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Ask an Agent Part 3: 5. I have a great idea for a children’s book… | 6. How many words are ideal for a first-time author to get published?

Ask an Agent Part 3: 5. I have a great idea for a children’s book… | 6. How many words are ideal for a first-time author to get published?

Robin Mizell of Robin Mizell Ltd, answers member’s questions on the query process. You can find part one of ‘Ask An Agent’ here, and part two here.

5. I have a great idea for a children’s book (who doesn’t?). I’ve written a draft of the text, but the pictures need to do much of the talking.  How do I pitch it? Do I have to find an illustrator to collaborate with me first?
 
You’re right. It seems as though people are more likely to envision themselves writing children’s books than books for adults. Why do you think that is? 
 
I don’t represent children’s picture books, because I don’t know enough about the market for them. You should rely on children’s book agents for advice about children’s books. Jennifer Laughran, who blogs at JenniferRepresents…, is one of the best in the business. Earlier this year, she answered your second question in a Q&A with David Henry Sterry on the Huffington Post. 

 
If a literary agency is accepting new clients, then the agency will provide specific submission guidelines. You’ll find the guidelines for Jenn Laughran and her colleagues at the Andrea Brown Literary Agency on their agency’s website.
 
6. I’ve been working on writing a romance novel to be published and my question is how many words are ideal for a first-time author to get published? Is there a min/max that agents look for? Require?
 
Romance and erotica with word counts of less than 40,000, priced accordingly, are being sold by ebook-only and ebook-first publishers. Independent publishers were first to try this strategy, and now some of the big publishing conglomerates have begun to experiment. Word counts will become more variable as ebook sales increase, but it will take book buyers and most trade book publishers some time to adjust their expectations. For the moment, it’s not a bad idea to stay with what’s been successful for the past couple of years, especially if you’re hoping that your novel will appear in print and ebook formats.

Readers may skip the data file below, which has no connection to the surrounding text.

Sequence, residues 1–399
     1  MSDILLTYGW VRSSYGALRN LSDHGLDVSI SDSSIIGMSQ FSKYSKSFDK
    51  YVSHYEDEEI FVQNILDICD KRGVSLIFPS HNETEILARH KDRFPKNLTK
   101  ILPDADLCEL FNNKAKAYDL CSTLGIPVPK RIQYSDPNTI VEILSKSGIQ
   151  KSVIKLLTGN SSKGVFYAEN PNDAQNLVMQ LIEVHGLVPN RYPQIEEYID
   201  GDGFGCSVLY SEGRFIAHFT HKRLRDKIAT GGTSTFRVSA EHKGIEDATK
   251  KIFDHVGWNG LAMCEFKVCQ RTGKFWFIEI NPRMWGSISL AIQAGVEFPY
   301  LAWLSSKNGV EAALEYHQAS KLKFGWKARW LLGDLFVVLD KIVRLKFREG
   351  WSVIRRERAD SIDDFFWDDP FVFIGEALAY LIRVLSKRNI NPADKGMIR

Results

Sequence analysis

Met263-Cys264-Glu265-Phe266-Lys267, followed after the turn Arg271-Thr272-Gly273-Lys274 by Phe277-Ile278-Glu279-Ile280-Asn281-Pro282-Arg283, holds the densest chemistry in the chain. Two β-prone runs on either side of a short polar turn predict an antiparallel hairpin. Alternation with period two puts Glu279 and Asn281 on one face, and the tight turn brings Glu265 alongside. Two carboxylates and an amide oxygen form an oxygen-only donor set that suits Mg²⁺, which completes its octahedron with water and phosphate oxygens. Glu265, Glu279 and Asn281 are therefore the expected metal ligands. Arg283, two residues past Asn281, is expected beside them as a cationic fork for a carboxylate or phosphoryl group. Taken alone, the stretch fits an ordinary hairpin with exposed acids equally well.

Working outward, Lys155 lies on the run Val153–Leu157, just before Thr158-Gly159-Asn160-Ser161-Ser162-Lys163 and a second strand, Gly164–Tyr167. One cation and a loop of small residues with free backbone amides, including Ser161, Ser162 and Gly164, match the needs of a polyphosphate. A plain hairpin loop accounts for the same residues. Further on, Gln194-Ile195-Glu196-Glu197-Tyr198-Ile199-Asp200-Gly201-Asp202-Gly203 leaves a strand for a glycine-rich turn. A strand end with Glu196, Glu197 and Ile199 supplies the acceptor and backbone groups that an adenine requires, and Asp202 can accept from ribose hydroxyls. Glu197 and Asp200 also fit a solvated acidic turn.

Publishers of category romance usually have strict guidelines in place for word counts, settings, characters, the depiction of sexuality, and other aspects of these familiar series. You might be able to find the precise specifications on their websites.
 
Devoted readers of romance subgenres, such as Regency romance novels, are discerning consumers. If you intend to cater to readers, then take a look at the page counts of the current bestsellers in your subgenre to find out where to aim. The typical word counts of romance subgenres differ a bit.
 
I can’t say I’d be delighted to see a 70,000-word novel manuscript, because I would expect the word count to decrease after editing. I’m happy to see a manuscript between 80,000 and 110,000 words in length. I worry about what subgenre it falls in and roughly how many pages it should consist of after I figure out if it’s any good.
 
You asked if I could specify the word count for a first-time romance author’s manuscript. In theory, your first publication could be a 90,000-word hardcover romance novel. But it’s typical to acquire skill by having shorter works published in reputable online publications and literary magazines, in anthologies, or as ebooks. Maybe you’ve already had some stories published. If so, then mention them in your query letter, because impressive publication credits indicate to me just how serious you are about building a career as a creative writer. Without the experience of getting short pieces of fiction published, you’ll find it difficult to envision the competition. It’s better to know what you’re up against.
 
Robin Mizell Ltd., is located in Athens, Ohio, USA. She represents literary and commercial adult fiction, and occasionally nonfiction. Find out more about Robin on her about page, here!

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